Uruguay 2017

Oriental Republic of Uruguay

PART 1, General Information
PART 2, BLOGS Pictures and Gallery 2017                                                                                                                                                                                               



Capital city: Montevideo

Population: 3.325000

Currency: Uruguayan Peso

Km travelled: 725

Days in Uruguay: 16

Languages; Spanish


Uruguay is the least corrupt country in Latin America. It is ranked first in the region for democracy, peace, lack of corruption, quality of living, e-Government, freedom of press, size of the middle class, prosperity and security, which is very impressive considering the country was ruled by a military dictatorship until 1985. Over half of the country’s 3.3 million people live in the capital, Montevideo. In Uruguay, cows outnumber people four to one. It is a nation of 12 million cattle but just three million people

Uruguay has one of the highest literacy rates in the world with 98.1% for adults. This is largely thanks to Uruguayans’ access to free and compulsory education. Uruguay is regarded as one of the most socially advanced countries in Latin America. It ranks high on global measures of personal rights, tolerance, and inclusion issues. You can buy, sell and grow marijuana — if you’re Uruguayan. Uruguay’s marijuana law is progressive and while it’s illegal for visitors to purchase pot, they can certainly accept gifts or share a fat one with a Uruguayan friend.


We didn’t spend enough time in Uruguay mainly for 2 reasons 1. Running out of time 2. Issues with storage of the truck as the Uruguay customs seized all foreign trucks in the Colonia del Sacramento area. Hence, we only covered the East Coast south from the Brazil border to Montevideo, Colonia del Sacramento and along the eastern Border up to the Argentine Border.

A prime beef exporter — and consumer at 81.5 kilos (about 180 pounds) a person a year — it’s clear Uruguayans take asado (barbecue) just as seriously as their Argentine neighbours.


With the ocean lapping at one side of the Punta del Este peninsula and the Rio de la Plata on the other, high-rise hotels attract a glitzy Miami-style crowd. Hipper beach bums in search of a relaxed experience head east to Boho bolthole Jose Ignacio, a fishing village where Latin America’s extremely wealthy pitch up in private mansions every January. Visit Playa Mansa and Playa Brava, known for its famous sculpture of fingers emerging from the sand.


With a unique atmosphere that combines Latin American and European cultural influences, Montevideo is known for its rich theatrical and musical scene. See the beautifully restored Solis Theatre — one of the first theatres in South America. Admire the impressive colonial architecture of Plaza Independencia, including the Palacio Salvo. See the majestic marble statue of national military hero General José Gervasio Artigas and visit Montevideo’s old and new quarters. As vibrant as it is varied, Montevideo abounds with culture and excellent dining options. A must do is to eat lunch with the locals in one of the restaurants in Mercado del Puerto, the old covered market situated right on the port, and visits to picturesque Ciudad Vieja and Barrio Sur neighbourhoods.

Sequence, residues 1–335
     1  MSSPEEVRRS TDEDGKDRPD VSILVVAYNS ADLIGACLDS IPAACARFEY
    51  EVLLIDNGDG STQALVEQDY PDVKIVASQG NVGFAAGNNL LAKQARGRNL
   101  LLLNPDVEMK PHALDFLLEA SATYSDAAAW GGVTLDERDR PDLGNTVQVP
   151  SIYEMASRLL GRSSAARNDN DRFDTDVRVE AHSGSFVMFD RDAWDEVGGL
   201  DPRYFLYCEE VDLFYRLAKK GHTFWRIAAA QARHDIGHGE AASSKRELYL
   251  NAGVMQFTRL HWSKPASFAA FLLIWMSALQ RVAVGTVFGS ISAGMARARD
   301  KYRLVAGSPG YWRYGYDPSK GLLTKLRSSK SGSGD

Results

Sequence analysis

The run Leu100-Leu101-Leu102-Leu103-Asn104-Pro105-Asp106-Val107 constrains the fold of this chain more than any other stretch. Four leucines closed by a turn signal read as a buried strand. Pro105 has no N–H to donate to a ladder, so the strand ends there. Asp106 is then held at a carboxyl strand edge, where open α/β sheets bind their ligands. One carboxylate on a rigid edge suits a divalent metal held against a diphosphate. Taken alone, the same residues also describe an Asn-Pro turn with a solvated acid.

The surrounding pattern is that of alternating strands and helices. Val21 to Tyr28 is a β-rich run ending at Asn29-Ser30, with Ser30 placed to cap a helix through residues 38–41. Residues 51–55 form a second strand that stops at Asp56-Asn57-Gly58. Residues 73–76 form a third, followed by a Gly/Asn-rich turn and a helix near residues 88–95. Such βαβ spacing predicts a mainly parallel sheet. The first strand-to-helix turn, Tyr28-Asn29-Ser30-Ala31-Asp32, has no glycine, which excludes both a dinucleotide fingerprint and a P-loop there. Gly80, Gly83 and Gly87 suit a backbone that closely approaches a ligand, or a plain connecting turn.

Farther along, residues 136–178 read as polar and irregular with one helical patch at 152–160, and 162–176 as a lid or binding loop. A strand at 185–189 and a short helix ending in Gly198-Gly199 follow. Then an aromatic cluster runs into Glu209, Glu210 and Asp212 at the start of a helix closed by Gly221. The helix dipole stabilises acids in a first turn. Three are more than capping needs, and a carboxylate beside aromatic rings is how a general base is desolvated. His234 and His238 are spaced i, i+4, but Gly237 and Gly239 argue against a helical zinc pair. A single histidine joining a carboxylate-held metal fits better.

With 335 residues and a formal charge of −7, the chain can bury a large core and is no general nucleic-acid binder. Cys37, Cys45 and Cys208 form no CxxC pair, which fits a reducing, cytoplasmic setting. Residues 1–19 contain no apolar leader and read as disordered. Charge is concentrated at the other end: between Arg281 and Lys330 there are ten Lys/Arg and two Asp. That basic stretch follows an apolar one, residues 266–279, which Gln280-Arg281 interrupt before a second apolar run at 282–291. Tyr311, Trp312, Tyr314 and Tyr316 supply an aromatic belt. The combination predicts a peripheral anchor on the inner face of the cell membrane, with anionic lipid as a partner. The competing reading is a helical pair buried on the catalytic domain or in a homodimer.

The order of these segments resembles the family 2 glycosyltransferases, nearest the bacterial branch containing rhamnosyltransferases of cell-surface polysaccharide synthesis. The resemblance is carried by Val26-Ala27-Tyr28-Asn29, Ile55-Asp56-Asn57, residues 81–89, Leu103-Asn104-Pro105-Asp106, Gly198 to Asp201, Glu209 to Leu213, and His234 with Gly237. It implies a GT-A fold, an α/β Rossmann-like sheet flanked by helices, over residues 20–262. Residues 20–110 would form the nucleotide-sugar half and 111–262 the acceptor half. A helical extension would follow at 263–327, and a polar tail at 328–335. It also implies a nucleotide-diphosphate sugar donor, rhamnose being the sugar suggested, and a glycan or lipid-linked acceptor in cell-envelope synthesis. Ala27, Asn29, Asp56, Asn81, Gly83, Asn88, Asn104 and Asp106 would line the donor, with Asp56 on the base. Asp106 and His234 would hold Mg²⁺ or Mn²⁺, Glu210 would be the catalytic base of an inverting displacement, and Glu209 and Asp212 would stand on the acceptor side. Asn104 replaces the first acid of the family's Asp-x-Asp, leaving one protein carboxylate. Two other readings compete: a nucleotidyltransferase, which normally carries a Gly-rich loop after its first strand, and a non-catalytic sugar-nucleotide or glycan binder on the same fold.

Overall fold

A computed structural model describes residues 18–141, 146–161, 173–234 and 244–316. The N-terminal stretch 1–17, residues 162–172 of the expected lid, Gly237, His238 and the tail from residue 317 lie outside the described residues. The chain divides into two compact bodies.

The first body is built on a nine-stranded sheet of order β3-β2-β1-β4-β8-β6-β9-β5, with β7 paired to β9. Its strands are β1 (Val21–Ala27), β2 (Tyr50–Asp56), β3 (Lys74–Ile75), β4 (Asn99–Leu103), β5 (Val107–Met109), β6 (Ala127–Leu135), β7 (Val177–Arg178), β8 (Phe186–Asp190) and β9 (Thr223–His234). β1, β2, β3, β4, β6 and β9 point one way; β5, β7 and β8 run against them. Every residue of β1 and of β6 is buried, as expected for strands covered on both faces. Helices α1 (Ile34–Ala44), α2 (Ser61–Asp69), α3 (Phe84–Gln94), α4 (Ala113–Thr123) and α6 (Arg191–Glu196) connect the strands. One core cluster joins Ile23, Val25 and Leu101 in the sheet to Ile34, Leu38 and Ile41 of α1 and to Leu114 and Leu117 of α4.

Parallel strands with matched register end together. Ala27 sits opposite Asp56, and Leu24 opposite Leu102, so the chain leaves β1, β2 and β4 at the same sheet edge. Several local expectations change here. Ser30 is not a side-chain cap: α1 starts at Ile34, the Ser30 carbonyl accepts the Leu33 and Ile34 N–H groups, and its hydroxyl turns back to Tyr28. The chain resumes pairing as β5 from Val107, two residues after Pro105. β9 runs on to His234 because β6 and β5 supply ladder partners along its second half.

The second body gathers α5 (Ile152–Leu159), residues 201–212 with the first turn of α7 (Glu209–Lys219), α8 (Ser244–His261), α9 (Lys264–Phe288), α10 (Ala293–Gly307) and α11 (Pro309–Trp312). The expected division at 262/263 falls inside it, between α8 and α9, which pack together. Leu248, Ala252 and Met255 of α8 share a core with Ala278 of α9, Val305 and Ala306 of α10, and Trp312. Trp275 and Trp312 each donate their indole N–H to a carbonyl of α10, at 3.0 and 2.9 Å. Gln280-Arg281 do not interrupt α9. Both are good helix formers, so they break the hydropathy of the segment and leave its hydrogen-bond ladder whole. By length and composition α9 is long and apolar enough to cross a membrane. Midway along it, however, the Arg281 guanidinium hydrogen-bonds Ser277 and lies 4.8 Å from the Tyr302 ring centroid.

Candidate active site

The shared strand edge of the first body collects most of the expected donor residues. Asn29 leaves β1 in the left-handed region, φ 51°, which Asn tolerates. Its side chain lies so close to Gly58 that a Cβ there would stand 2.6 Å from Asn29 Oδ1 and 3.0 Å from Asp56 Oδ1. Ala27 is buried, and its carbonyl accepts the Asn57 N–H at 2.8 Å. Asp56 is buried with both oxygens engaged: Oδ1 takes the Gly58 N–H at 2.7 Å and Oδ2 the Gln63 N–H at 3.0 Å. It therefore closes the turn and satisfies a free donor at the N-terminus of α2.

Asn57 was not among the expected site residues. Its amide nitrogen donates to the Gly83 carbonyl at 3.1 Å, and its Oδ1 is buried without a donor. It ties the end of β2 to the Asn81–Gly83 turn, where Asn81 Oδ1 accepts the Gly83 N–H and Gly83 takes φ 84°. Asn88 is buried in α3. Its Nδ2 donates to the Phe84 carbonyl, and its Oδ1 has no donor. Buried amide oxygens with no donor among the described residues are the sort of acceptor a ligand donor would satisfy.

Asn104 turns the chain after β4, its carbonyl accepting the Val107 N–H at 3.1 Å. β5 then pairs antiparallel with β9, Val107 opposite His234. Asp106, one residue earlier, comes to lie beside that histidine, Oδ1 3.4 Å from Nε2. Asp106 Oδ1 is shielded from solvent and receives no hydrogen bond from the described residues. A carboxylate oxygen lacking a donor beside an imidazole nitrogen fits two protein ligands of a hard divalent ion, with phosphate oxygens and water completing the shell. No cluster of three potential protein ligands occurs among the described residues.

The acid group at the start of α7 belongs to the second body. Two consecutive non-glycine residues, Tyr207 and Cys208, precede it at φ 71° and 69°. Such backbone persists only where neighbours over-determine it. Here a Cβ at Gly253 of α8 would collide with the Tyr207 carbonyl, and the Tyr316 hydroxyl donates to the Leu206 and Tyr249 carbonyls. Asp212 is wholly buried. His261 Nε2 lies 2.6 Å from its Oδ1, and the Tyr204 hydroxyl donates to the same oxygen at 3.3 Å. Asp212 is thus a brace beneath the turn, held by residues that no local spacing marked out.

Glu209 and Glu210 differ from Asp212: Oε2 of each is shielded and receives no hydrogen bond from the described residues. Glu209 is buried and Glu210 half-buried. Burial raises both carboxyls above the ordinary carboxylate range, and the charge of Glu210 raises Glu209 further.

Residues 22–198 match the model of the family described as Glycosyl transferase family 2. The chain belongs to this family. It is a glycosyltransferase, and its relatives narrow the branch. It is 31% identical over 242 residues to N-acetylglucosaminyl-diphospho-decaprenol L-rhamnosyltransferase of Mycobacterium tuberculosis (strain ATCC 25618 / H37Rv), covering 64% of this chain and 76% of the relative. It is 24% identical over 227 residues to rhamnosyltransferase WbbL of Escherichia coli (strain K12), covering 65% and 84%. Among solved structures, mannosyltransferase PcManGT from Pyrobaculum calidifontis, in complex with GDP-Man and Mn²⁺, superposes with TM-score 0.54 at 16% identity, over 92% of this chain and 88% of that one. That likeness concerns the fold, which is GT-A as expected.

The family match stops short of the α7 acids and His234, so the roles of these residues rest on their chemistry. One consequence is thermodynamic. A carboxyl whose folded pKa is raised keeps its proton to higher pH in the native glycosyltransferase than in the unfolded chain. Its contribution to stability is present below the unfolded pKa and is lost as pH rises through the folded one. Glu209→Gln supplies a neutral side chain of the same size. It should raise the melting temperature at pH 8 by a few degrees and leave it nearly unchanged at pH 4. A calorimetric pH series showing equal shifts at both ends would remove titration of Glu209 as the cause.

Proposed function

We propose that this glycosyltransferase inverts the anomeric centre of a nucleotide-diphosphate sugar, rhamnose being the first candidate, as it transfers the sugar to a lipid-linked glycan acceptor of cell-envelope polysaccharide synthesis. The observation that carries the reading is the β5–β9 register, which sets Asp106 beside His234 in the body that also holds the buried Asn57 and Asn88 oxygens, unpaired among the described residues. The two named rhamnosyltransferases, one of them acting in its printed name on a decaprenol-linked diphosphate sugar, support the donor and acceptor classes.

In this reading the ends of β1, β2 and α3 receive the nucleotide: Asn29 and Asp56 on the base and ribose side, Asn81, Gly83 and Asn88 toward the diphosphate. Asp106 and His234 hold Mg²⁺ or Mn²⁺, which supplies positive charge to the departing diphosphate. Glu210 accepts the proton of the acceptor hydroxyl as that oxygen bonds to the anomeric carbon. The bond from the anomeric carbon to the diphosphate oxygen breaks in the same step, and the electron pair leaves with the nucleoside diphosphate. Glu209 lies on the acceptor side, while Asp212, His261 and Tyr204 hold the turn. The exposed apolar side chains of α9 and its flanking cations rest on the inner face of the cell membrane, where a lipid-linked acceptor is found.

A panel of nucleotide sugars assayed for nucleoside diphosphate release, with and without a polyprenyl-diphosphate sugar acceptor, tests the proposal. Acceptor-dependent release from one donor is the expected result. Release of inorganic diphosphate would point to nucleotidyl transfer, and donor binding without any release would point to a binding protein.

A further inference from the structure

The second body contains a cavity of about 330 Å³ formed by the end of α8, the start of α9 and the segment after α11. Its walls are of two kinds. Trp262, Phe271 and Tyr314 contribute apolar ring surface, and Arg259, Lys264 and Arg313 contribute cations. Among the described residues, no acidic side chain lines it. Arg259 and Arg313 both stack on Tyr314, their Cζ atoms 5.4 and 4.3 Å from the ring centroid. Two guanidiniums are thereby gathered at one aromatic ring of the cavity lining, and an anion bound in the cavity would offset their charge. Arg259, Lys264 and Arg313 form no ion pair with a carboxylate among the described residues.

Founded by the Portuguese in 1680, this sleepy riverside town is one of Uruguay’s oldest — travel is pure time warp in Colonia del Sacramento. A 17th-century convent, lighthouse and drawbridge form the heart of the UNESCO-protected Barrio Historico, while vintage automobiles lining quaint cobbled streets offer up a Havana-esque ambience.



Covering sixty percent of the country, the Chaco is a semi-arid floodplain where you find an abundance of plants, animals and interesting land formations. Most popular are the Central Chaco lagoons. This is home to lots of Chilean flamingos during winter or sandpipers and plovers between September and December.


This is known as the playground of the Brazilian and Argentine rich and famous. Punta del Este is the most developed, and expensive beach resort. For those wanting to see more of Uruguay, head further north where you find many less developed beach towns, with pristine sands and sleepy fishing villages and a real sense of the relaxed Uruguayan way of life. Miles of sandy beaches and coastal forests, including Cabo Polonio, a sand-dune reserve where sea lion colonies laze on its banks, make this part of Uruguay feel like an unspoiled corner of paradise. A great spot is Santa Theresa National park just north of Punta Diablo


Great beaches, great camping and spectacular forest. Named after an 18th century fort that is still standing in its original position atop a hill. The Uruguay army handles the management and maintenance of Santa Teresa. This means that the rules are going to be strictly enforced. This coastal area is one of Uruguay’s hidden treasures, but you should be prepared for lots of wind and waves up to 2 meters (surfers love it).


Uruguay has a climate that is relatively mild and fairly uniform nationwide. Extremes in temperature are rare. High humidity and fog are common. The absence of mountains, which act as weather barriers, makes all locations vulnerable to high winds and rapid changes in weather as fronts or storms sweep across the country. Both summer and winter weather may vary from day to day with the passing of storm fronts, where a hot northerly wind may occasionally be followed by a cold wind named the Pampero. The ocean is cool however it reaches around 22 degrees in January, February and March in the Punta del Este region.


Summer temp: from 15 at night to 28 degrees during the day.

Winter temp: from 7 degrees at night to 16 degrees during the day

Rain : consistent throughout the year with around 100mm per month.


Summer temp: between 18 degrees at night to 32 degrees during the day

Winter temp: between 7 degrees at night to 21 during the day

Rain is consistent throughout the year around 120mm per month